Professor Receives NASA New Investigator Award
He Yin, Ph.D., assistant professor in Kent State University’s Department of Geography in the College of Arts and Sciences, recently received NASA’s New (Early Career) Investigator Award in Earth Science. Yin will lead evaluation and research of the devastating effects that the Syrian civil war has had on croplands throughout the eastern Mediterranean region.
NASA’s New (Early Career) Investigator Program (NIP) is designed to support outstanding scientific research and career development of scientists and engineers at the early stage of their professional careers.
Through his research, Yin hopes to develop in-demand remote sensing algorithms to track cropland changes over time and create a general approach to detect the timeline of cropland developments.
According to the United States Institute of Peace (USIP), the war brought about 10 years of destruction and irreparable damage throughout the eastern Mediterranean region.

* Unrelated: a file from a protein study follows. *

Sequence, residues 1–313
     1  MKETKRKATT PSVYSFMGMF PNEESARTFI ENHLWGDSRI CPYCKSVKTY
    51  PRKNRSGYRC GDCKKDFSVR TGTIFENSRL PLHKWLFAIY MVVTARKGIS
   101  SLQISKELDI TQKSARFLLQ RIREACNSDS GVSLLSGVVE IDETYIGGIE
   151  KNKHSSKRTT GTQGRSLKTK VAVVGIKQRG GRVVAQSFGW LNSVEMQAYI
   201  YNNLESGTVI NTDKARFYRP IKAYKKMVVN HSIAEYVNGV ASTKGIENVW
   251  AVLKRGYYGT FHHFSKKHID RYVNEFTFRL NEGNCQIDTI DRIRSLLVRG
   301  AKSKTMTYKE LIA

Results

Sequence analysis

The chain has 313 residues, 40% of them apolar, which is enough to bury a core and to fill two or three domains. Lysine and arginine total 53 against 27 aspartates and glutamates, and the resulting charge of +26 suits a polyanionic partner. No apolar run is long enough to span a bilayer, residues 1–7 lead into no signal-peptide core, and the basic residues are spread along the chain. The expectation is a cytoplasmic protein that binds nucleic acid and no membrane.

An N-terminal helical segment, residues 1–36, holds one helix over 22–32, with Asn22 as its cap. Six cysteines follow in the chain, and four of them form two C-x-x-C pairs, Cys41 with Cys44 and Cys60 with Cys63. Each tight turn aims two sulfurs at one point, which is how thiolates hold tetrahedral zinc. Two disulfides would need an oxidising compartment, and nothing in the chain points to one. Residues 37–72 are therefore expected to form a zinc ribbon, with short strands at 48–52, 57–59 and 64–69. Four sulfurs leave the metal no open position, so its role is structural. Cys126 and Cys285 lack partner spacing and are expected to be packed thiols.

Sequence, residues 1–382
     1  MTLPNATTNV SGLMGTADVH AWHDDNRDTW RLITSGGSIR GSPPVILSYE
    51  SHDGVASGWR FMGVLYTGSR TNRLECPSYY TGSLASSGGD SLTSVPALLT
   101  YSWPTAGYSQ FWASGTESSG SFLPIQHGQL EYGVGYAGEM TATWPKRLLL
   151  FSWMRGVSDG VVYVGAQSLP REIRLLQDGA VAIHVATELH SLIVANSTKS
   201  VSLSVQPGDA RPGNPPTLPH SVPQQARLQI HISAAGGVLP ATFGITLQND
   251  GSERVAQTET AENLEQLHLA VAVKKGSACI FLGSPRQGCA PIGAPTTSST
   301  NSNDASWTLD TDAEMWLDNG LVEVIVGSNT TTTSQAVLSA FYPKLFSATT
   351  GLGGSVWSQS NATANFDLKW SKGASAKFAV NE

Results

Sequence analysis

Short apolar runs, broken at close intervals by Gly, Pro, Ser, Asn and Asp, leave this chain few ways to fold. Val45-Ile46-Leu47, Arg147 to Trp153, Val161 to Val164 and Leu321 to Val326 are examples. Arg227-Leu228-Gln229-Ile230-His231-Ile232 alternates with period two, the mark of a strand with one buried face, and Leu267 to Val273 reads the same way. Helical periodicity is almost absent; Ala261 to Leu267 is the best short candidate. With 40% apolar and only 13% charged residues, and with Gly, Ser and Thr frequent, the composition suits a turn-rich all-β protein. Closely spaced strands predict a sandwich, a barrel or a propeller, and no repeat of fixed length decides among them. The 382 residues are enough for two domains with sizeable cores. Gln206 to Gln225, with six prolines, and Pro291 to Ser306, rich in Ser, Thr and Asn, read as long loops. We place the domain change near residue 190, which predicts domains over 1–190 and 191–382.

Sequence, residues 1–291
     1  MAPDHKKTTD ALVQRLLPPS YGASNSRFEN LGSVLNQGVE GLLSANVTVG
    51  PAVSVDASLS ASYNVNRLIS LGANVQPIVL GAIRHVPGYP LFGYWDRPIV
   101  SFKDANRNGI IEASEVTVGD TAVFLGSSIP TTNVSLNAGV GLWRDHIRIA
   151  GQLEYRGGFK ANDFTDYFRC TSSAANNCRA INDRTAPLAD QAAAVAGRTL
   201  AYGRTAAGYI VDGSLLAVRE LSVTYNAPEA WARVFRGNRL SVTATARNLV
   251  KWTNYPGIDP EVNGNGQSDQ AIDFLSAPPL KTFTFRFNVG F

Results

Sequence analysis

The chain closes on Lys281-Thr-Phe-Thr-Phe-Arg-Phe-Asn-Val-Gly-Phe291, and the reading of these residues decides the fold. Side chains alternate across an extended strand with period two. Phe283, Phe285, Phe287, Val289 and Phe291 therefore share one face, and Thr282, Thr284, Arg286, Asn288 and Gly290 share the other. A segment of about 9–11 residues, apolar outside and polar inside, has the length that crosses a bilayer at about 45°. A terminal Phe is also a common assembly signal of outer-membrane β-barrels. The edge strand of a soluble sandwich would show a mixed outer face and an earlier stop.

“These war tactics produce tragic consequences that have affected cropland production,” Yin said. “Civilians depend on successful crop production for food security and economic stability while amidst a war zone.
“It’s anticipated that the Syrian civil war has caused mass amounts of cropland loss, but other factors such as drought may have also affected cropland,” Yin continued. “The more we research, the more we understand the effects of ongoing warfare throughout the cropland.
“Croplands in the Mediterranean are diverse and dynamic, which poses challenges for remote sensing,” Yin said.
Remote sensing is a great tool to monitor cropland, especially in war-torn areas where ground measurements are impossible.
By examining this topic, Yin hopes his research will advance cropland mapping through the use of remote sensing algorithms and help understand the war’s effects on crops. Yin’s work will also help solve issues pertaining to food insecurity within the war zones and provide additional insight into environmental change.
“Understanding the devastation caused by war is crucial to advance humanitarian support,” Yin said.